New York – 1 June 2015
His Excellency, Mr. Prosper Bazombanza, First Vice-President of the Republic of Burundi,
Mr. Secretary- General,
Distinguished delegates and participants,
Ladies and gentlemen,
I am pleased to welcome you to this High-level Event on the Demographic Dividend and Youth Employment. We are grateful to His Excellency, Mr. Prosper Bazombanza, First Vice-President of Burundi, and the many Honourable Ministers who travelled from their capitals to join us today.
My appreciation also goes to the United Nations Population Fund and the International Labour Organization for their partnership in organizing this event.
Over the last two decades, the world has given greater attention to the interplay between changes in population structures, economic growth and development.
As we know, changes in the age structures of populations have economic, social, and at times even political implications. For instance, labour supply and savings tend to be higher among working age adults than dependent ones.
Countries with large populations of young people and declining fertility rates stand poised to benefit the most from the demographic dividend. The more young people grow into well-educated adults with fewer dependents and new opportunities to acquire wealth, savings and purchasing power, the more they will be able to accelerate economic growth and development.
To harness the demographic dividend, right policies and interventions are needed in order to get a higher proportion of the youthful population into economically productive adults. Already, we have witnessed this trend in East Asia and Latin America. For example, Asia experienced a seven-fold increase in Gross Domestic Product (GDP) per capita by harnessing their demographic dividend, while Latin America experienced a two-fold increase.
Similar opportunities exist elsewhere, particularly in Africa. Of the 1.8 billion young people worldwide, nine out of ten of them live in Least Developed Countries, many of them in Africa. This trend is projected to continue; with the number of young Africans aged 15-24 set to double by 2045.
By harnessing its demographic dividend, it is estimated that the African continent could add up to US $500 billion per year to its economy, for as many as 30 years. This potential windfall could significantly transform the economies of many African countries. It would result in more resources being available for investment in critical infrastructure for socio-economic growth and development.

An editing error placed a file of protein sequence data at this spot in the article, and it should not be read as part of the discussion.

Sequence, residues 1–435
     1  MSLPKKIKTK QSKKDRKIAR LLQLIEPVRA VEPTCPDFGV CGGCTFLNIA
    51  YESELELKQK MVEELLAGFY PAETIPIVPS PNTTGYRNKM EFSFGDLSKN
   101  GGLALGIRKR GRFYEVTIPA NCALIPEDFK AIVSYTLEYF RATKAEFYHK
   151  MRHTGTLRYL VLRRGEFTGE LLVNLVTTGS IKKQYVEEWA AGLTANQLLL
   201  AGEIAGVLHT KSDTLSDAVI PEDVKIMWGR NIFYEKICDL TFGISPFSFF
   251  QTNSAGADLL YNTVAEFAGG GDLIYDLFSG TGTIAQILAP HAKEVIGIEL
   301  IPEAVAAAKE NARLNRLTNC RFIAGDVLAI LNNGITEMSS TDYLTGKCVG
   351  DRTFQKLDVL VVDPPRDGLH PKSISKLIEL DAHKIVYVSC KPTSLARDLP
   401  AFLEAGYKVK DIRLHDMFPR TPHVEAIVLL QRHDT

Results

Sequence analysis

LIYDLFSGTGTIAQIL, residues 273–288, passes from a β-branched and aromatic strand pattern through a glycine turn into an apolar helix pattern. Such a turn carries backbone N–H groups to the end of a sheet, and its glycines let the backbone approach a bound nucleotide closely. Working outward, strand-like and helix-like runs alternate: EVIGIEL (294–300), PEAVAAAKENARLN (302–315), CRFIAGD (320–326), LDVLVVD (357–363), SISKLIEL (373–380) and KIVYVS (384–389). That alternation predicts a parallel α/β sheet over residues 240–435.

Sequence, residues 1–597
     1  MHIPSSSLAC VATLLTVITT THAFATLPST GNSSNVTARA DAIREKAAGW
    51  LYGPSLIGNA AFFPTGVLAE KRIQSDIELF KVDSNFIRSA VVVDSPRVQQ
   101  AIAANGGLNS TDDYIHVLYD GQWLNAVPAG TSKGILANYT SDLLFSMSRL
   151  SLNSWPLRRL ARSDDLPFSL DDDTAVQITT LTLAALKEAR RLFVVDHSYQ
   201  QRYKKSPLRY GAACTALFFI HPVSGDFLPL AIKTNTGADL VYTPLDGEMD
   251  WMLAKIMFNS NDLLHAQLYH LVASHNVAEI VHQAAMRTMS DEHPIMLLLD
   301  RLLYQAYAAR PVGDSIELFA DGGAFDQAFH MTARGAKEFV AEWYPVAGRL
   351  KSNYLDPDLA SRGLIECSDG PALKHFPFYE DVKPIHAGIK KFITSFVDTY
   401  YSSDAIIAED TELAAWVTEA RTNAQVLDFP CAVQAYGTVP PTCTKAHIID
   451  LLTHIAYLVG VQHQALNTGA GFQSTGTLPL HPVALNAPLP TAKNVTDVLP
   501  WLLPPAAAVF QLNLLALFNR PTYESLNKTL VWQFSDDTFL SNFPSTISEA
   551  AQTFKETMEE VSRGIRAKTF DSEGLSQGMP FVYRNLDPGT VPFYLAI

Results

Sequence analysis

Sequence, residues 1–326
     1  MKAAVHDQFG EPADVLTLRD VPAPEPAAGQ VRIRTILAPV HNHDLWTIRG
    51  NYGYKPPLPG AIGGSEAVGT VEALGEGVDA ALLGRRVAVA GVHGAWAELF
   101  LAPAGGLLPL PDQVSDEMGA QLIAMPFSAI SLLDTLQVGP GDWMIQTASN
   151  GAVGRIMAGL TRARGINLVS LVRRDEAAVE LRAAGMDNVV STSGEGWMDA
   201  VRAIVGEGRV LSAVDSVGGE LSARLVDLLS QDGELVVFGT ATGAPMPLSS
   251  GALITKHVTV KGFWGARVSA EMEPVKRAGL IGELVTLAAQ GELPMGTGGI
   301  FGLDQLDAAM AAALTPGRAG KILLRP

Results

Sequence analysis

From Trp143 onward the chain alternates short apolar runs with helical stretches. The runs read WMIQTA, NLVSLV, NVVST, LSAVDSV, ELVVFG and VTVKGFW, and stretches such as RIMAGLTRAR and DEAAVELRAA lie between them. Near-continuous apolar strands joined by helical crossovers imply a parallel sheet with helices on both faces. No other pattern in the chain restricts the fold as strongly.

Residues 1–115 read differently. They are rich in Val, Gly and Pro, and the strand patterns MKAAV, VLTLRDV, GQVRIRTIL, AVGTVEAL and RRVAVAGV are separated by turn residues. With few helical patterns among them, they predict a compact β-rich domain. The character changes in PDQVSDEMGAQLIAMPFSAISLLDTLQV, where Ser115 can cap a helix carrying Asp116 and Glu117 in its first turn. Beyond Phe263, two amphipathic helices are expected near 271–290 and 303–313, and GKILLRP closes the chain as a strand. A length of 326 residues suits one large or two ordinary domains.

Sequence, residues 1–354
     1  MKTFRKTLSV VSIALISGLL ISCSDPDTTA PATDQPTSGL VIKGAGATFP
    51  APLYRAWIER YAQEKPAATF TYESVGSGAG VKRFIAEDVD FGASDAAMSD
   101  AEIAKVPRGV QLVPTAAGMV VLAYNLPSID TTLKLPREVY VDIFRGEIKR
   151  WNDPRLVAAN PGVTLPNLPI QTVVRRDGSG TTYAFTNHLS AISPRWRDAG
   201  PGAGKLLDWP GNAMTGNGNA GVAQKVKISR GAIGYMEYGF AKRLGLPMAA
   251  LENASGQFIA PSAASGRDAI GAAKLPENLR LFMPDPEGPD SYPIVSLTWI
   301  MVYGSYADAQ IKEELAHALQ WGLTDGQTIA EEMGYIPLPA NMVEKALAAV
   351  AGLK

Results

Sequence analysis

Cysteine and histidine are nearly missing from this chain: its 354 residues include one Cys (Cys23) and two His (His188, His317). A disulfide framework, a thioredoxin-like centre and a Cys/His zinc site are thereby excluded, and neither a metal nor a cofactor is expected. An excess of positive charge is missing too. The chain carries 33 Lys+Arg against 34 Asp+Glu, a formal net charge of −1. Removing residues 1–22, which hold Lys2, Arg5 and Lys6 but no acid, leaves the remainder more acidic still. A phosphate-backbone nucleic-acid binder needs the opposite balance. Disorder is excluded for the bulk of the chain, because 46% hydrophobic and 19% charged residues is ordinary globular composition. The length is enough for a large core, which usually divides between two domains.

In countries where young people represent a large portion of the population, there is urgent need to create enough jobs for the working-age population.
Indeed, during the High-level event for the commemoration of the World Programme of Action on Youth held on Friday last week, addressing the challenge of rising levels of youth unemployment was highlighted.
It is essential, in the context of the new development agenda, to take measures in support of national policies to provide an enabling environment for attraction of domestic and foreign investments, promotion of entrepreneurship, greater access to capital, increased access to energy, among other areas.
With many developing countries’ economies still being driven by commodity production and export of agricultural and mining products, adding value to their large reservoir of natural resources through processing and manufacturing will transform economies and create more employment opportunities. Accelerating regional integration will also create larger markets for trade and investment and in turn increase employment opportunities.
Policies are also needed that deliberately target investments in young people, including through education. We need to expand access to quality education and skills development at vocational and tertiary levels. Through vocational training, specialised and practical job-related skills can be developed that prepare young people for work in occupations more in-line with the job market needs. There is need to target new jobs in the growing sectors such as services and ICT. Greater investments are required in science, technology, engineering and maths (STEM) to advance innovation. Giving attention to local content requirements can also ensure that investment projects generate employment and business opportunities for nationals especially the youth.
Furthermore, the empowerment of women and girls, particularly with regard to educational opportunities and universal access to quality reproductive health knowledge and services is also critical. It is strongly linked to their professional advancement, entrepreneurship and political participation.
Ladies and gentlemen,
This High-level Event comes at an opportune moment when intergovernmental negotiations on an ambitious, universal and transformative post-2015 development agenda are underway. We have to ensure that the youth are recognized as important contributors to the achievement of sustainable development and that they benefit from the new agenda.
The needs of countries with large youth populations should be considered in the context of our sustainable development objectives. In this regard, we will need partnerships between governments, the private sector, and other stakeholders to make the necessary investments in education, skills development, health, among other areas, in order to empower the youth and expand their opportunities. We also need greater cooperation as well as sharing of experiences on initiatives and strategies that work at national, regional and international levels.
Let us seize the opportunity of the new development framework we are formulating to ensure that young people worldwide can fully utilize their talents and energy to contribute to the achievement of sustainable development. In doing so, we will be laying the foundation for a more prosperous future not only for ourselves, but for generations to come.
I thank you for your attention